Wednesday, January 23, 2013

Asanban: Lean Development with Asana and Kanban

On Bizo's External Apps team (aka. 'xapps'), we've been using a Kanban system to manage our work.  All of Bizo Engineering uses Asana to track tasks, which isn't specifically designed for Kanban.  We've settled on a set of of conventions that we use in Asana which enable our Kanban system.  These conventions also help us to track metrics like the average lead time from month to month.


Kanban is a second-generation Agile software development methodology.  The focus is on finding and fixing bottlenecks, as well as removing waste by limiting work-in-progress.  (The "WIP" limits referenced in this post are the number of work items that are allowed to be in a particular stage of the system at one time.)  Adopting a Kanban system has made things easier for engineers, increased efficiency, and is very popular with our Product Management folks as well.  We are now focused on delivering value incrementally rather than specifying and implementing larger chunks of work.  If you're interested in adopting Kanban, I recommend reading David Anderson's seminal book on the topic: Kanban: Successful Evolutionary Change for Your Technology Business


Each stage of work in our value chain is a priority heading in Asana.  The name of the priority header follows the convention: "{STEP NAME} ({WIP}):", eg. "Dev Ready (10):".  The steps that are earliest in the value chain are at the bottom of our Asana project, with tasks moving upwards through each stage until they reach "Production (15):" at the top when the functionality described by the task has been delivered to production.  Once Product Management has verified that the functionality described by a task is functioning correctly in production, they mark the task as complete.  We use tags to represent work item types, although its fairly limited at present.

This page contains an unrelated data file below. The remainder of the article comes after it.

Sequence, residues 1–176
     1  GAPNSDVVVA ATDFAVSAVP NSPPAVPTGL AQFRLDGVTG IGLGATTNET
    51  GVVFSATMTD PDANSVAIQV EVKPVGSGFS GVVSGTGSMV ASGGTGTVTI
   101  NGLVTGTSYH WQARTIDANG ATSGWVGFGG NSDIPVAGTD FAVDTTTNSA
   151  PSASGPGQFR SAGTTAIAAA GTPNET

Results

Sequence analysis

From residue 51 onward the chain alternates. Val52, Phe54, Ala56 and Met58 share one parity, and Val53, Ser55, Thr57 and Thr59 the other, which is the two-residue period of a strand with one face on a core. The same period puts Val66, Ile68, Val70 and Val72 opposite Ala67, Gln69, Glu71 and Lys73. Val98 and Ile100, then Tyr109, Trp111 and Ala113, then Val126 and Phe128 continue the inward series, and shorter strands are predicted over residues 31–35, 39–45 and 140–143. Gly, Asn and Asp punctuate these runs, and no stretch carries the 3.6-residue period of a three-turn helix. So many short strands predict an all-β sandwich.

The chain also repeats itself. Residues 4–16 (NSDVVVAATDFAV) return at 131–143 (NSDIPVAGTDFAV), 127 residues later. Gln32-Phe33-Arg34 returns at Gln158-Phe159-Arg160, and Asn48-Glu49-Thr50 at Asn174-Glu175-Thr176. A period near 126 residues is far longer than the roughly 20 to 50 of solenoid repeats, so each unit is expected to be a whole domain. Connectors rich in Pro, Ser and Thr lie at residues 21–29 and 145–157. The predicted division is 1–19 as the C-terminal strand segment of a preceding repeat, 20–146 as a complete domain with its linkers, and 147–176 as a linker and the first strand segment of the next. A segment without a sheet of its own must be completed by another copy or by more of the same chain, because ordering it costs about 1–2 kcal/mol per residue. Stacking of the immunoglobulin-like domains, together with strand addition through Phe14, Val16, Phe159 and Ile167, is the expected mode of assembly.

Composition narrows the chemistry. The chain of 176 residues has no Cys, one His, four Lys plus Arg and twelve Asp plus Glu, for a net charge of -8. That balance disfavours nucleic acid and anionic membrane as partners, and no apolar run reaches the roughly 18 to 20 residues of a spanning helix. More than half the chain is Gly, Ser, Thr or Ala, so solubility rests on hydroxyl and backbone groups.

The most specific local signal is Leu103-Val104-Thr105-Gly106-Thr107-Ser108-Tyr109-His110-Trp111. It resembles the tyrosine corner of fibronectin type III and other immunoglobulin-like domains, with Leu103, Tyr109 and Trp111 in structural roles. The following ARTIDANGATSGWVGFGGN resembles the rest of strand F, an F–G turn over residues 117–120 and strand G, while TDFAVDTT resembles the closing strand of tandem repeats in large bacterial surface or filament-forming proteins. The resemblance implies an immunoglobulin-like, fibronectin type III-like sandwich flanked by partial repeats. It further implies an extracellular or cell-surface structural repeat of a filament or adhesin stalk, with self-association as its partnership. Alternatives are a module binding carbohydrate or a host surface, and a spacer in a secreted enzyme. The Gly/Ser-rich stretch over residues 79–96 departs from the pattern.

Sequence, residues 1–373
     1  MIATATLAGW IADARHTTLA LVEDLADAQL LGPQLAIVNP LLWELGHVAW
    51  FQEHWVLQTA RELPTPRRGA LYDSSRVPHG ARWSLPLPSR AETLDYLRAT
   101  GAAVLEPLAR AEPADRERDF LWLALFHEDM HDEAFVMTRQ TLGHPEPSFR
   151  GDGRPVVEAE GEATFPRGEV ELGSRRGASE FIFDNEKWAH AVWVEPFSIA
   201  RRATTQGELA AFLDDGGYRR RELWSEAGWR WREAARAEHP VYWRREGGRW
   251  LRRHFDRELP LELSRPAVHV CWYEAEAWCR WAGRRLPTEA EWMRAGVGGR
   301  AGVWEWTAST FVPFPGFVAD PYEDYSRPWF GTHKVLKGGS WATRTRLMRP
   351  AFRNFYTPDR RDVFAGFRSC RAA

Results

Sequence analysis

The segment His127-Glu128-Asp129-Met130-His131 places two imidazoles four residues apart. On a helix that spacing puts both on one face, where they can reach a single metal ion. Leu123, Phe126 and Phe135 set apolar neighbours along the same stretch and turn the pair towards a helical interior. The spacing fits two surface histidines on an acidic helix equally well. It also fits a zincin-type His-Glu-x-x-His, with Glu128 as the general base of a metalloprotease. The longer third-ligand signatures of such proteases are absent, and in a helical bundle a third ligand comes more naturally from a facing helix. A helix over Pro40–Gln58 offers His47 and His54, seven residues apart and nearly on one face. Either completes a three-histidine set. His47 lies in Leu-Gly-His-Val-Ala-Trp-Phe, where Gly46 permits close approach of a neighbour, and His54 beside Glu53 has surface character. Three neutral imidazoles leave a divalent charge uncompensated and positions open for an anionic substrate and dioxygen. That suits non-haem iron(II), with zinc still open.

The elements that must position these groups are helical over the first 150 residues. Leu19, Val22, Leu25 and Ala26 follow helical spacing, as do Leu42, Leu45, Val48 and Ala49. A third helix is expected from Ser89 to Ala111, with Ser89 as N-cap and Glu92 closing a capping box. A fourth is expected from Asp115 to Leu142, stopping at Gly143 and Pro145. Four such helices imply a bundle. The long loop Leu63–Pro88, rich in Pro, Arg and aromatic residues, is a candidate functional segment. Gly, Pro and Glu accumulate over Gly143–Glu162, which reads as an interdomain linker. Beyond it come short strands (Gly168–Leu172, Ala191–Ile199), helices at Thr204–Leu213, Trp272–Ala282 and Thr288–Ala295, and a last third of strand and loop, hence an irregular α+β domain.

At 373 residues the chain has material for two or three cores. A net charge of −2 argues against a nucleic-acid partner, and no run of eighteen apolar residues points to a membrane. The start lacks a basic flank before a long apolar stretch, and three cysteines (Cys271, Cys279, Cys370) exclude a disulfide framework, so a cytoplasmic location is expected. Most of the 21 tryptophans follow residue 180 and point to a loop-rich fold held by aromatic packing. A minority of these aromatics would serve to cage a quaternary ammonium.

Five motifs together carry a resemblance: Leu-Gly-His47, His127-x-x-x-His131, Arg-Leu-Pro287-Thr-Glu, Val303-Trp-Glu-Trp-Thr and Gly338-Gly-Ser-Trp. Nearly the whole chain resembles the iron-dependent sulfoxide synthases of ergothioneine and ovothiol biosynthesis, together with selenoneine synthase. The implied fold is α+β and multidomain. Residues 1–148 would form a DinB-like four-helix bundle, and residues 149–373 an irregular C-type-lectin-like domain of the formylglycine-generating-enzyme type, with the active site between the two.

One of the most basic metrics to track in a Kanban system is the average amount of lead time (the time it takes from when a task gets added to the input queue until value is delivered).  I have created some tooling that allows us to accomplish this systematically.  I'll first describe what it does, and then how you can use it.

The first piece of the tooling bulk loads task data from the Asana API into MongoDB.  The API returns JSON and I just store JSON as-is in MongoDB, which works out well since MongoDB speaks JSON natively.  One hiccup is that once tasks are archived in Asana, you can no longer obtain information about them through the API.  Accordingly, the bulk load needs to be scheduled to run on a regular basis (in our case, every night) so that we don't lose information about archived tasks.  Furthermore, we have a policy that tasks should not be archived until they have been completed for at least 24 hours, so that the bulk loader will always run at least once after a task has been completed before it gets archived.  After loading the task data, the bulk loader will create data describing how much time each task spent in each state, as well as how long each task took (in days) to complete from start to finish (lead time).

The other piece is a Sinatra web service that runs a map-reduce against the lead time data created by the bulk loader and serves lead times by month as JSON.  It can also aggregate by year or day (but I don't think aggregating by day is useful).

I have packaged up both of those pieces into a gem called "asanban", which you can use.   The source code and instructions for installation and usage are here:

Pain Points

There are a couple of problems I've run into using Asana with a Kanban system.  The first is that there's no way to enforce WIP limits.  Users just have to be mindful of the limits shown in the priority headers.  I have been thinking about writing a nightly report that uses the data created by the bulk loader to find violated WIP limits and send out emails, but I haven't gotten to it yet.  (This tooling is essentially a hack day project at this point.)  There is also no functionality to facilitate different classes of service (SLAs and WIP break-downs), but maybe those could be supported using the same kind of nightly report.

Another problem I've run into is that task sizes can be all over the place, which reduces the meaningfulness of the metrics.  Some Kanban practitioners use hierarchical work items to address this kind variability in size.  Stories can be grouped into epics and/or broken down into "grains".  Asana does support sub-tasks, so I may recommend that we use those to break down large work items in the future, at which point the bulk loader would be modified to track metrics by sub-task (for tasks that have them, which would be assumed to be epics).

Next Steps